also set-back, 1670s, "reversal, check to progress," from the verbal phrase, attested mid-15c. as "withhold;" see set (v.) + back (adv.). Backset (1721) is used in the same sense. The meaning "space between a building and a property line or roadway" is from 1916. To set (someone) back "cost" (a certain sum of money) is from 1900.
BACKWOODSMEN. ... This word is commonly used as a term of reproach (and that, only in a familiar style,) to designate those people, who, being at a distance from the sea and entirely agricultural, are considered as either hostile or indifferent to the interests of the commercial states. [John Pickering, "A Vocabulary, or Collection of Words and Phrases Which Have Been Supposed to be Peculiar to the United States of America," Boston, 1816]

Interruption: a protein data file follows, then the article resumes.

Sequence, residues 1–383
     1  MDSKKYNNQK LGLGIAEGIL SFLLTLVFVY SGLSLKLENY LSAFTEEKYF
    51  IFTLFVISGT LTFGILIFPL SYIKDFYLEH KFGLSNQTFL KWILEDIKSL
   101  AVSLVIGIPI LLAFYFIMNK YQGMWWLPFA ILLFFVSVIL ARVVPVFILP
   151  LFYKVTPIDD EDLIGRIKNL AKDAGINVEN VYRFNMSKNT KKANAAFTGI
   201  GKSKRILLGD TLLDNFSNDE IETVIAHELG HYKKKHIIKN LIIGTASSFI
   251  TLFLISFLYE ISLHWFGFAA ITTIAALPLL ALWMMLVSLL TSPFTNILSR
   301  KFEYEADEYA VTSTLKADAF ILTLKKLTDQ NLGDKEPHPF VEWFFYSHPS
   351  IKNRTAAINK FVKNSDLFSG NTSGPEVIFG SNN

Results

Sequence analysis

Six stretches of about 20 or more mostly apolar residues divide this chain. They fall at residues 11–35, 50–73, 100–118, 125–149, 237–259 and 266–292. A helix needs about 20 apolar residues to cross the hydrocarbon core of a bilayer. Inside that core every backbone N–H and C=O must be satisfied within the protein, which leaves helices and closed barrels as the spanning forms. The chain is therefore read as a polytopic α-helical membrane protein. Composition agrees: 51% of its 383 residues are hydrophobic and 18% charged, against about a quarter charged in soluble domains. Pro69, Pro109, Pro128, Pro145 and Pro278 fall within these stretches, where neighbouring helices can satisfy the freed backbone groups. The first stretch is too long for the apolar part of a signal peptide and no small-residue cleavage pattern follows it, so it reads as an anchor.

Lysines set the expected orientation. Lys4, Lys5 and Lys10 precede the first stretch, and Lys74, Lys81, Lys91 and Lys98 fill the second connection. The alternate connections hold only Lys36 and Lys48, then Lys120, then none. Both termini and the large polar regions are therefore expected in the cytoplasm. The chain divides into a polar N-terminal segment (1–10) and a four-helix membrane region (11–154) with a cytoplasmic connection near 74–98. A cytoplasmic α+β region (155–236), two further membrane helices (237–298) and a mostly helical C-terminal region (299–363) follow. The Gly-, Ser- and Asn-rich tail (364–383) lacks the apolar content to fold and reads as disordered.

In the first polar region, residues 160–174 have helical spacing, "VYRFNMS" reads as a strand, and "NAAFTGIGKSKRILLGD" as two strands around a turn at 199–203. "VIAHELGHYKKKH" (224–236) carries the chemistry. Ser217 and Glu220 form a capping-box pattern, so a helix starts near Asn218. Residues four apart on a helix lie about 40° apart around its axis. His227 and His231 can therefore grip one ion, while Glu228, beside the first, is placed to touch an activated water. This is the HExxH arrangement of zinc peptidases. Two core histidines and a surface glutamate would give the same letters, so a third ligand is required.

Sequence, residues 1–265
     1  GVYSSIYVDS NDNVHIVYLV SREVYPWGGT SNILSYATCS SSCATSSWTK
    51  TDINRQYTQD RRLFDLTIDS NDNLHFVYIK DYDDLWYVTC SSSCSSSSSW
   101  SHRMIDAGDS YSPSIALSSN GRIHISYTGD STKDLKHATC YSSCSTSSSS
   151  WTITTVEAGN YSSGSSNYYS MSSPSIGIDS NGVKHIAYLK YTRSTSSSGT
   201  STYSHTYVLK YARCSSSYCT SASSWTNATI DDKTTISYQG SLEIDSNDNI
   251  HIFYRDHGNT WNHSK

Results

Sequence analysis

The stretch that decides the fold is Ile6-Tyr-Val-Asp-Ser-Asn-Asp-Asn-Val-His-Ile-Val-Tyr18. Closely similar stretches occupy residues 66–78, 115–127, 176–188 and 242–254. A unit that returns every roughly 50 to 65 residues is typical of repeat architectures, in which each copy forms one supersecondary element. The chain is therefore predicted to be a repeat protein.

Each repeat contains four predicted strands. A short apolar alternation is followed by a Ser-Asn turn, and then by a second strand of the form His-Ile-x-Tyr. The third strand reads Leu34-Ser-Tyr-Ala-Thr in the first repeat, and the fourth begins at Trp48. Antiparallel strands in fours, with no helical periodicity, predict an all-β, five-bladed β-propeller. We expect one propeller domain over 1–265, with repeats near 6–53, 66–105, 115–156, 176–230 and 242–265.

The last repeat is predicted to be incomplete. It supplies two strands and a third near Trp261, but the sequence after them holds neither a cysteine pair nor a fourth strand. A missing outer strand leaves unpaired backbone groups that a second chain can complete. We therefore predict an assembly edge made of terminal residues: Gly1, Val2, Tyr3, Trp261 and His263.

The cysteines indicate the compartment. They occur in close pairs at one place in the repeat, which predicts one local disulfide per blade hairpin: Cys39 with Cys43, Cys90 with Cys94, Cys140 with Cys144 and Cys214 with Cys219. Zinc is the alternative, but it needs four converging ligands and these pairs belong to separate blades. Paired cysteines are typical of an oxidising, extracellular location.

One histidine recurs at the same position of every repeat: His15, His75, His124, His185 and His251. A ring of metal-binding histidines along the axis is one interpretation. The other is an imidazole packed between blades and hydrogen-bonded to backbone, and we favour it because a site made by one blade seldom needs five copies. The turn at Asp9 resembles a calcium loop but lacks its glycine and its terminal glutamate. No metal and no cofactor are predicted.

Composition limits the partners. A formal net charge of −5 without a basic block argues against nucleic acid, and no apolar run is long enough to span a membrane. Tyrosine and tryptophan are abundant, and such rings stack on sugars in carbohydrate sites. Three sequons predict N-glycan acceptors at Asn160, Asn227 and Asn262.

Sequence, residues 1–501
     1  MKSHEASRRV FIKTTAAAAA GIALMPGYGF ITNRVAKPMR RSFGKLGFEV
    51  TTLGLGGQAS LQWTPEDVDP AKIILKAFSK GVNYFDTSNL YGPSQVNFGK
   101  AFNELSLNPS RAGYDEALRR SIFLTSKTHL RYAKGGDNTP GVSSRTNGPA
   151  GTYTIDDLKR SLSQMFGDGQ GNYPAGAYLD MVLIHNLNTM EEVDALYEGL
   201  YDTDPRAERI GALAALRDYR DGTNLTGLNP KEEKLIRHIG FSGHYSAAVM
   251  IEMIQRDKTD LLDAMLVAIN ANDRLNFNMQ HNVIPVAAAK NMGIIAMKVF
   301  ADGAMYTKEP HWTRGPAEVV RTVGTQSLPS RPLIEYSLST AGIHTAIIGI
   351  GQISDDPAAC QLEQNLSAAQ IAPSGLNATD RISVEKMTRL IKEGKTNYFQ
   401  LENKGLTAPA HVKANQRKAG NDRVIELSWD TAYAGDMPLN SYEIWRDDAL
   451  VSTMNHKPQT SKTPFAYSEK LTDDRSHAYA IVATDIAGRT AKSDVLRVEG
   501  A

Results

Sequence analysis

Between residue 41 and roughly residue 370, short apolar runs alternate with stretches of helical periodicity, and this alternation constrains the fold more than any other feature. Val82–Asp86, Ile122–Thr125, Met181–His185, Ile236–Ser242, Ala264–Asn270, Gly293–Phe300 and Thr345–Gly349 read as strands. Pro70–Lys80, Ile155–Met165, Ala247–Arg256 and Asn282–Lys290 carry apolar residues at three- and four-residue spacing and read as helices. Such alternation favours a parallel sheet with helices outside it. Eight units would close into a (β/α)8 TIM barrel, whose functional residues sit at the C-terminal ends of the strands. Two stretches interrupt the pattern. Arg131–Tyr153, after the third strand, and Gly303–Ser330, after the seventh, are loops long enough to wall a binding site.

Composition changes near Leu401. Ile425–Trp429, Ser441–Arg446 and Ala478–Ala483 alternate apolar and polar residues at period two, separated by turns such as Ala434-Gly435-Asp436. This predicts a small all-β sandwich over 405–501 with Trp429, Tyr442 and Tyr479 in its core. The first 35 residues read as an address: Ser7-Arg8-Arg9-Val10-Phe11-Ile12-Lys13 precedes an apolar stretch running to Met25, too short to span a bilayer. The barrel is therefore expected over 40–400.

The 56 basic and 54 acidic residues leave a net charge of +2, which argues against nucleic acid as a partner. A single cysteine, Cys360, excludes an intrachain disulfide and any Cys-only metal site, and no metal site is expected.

c. 1200, "toward the rear," a contraction of Old English on bæc "backward, behind, at or on the back;" see see a- (1) + back (n.). Now surviving mainly in taken aback, which originally was a nautical expression in reference to a vessel's square sails when a sudden change of wind flattens them back against the masts and stops the forward motion (1754). The figurative sense from this, "suddenly or unexpectedly checked or disappointed," is by 1792.